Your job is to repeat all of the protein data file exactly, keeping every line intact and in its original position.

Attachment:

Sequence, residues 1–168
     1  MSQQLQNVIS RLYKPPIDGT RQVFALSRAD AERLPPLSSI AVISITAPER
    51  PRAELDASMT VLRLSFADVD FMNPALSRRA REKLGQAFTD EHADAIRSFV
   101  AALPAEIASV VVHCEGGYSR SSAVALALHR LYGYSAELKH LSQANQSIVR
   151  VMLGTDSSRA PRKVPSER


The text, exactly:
Sequence, residues 1–168
     1  MSQQLQNVIS RLYKPPIDGT RQVFALSRAD AERLPPLSSI AVISITAPER
    51  PRAELDASMT VLRLSFADVD FMNPALSRRA REKLGQAFTD EHADAIRSFV
   101  AALPAEIASV VVHCEGGYSR SSAVALALHR LYGYSAELKH LSQANQSIVR
   151  VMLGTDSSRA PRKVPSER